How We Run Our Art Documentary Group and What We Watch

How We Run Our Art Documentary Group and What We Watch

After watching so many art documentaries, it’s clear that some are better than others. They are produced better, scripted better, and filmed better, making them easier to watch. Sometimes, even the background music can detract from the film’s message.

Still, even in so-called bad documentaries, there is something to be learned.

The fourth film we watched is called In the Realms of the Unreal: The Mystery of Henry Darger. This was just too weird to watch. The animation was excellent, but neither my husband nor I could feign any interest in it. I think Janice and Lisa deserve gold stars because they stuck with it to the end. ( I won’t point fingers at who selected this one, Lisa.)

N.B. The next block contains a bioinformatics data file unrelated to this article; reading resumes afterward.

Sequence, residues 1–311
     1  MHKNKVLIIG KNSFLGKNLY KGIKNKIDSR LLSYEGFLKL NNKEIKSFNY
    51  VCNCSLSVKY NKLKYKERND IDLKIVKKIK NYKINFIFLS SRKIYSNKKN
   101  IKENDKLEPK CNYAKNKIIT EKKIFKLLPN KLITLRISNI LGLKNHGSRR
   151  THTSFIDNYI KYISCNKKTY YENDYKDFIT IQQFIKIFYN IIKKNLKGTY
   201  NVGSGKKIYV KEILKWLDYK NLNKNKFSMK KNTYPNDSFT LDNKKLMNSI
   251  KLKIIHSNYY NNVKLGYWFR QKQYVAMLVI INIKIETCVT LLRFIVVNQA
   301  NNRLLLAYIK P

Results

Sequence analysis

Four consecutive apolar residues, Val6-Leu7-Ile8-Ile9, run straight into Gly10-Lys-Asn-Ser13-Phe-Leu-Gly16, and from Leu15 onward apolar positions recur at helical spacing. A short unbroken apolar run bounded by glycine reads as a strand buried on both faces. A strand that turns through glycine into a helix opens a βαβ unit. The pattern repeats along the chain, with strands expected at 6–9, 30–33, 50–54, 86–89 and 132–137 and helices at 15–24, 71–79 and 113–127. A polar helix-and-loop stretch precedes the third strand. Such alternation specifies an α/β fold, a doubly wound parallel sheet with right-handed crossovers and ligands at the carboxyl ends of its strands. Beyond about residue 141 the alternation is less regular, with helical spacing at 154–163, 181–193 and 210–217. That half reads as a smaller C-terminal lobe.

Even though I didn’t like the film, I’m fascinated by the story of Henry Darger, a janitor and secret artist unknown in his lifetime. His work, including 15,000 pages of a novel, was discovered by his landlords, who saved the work from being tossed in the garbage and brought it to public attention. His estate is now being litigated—50 years after his death. I wasn’t interested in that particular documentary, but it led me to surrounding topics, like art litigation, which I find endlessly fascinating.

Curiously, a number of the documentaries we have watched have been written and produced by family members. Daughters, in particular, seem to want to tell the stories of their artist-fathers. Of course, you have to take that into account.

The documentary Botero about the famed Colombian artist Fernando Botero is beautifully done. Truly a stunning film. It’s also directed by a longtime family friend and produced by his daughter. It’s blatantly biased—trying to convince me of Botero’s genius, which I found hard to stomach.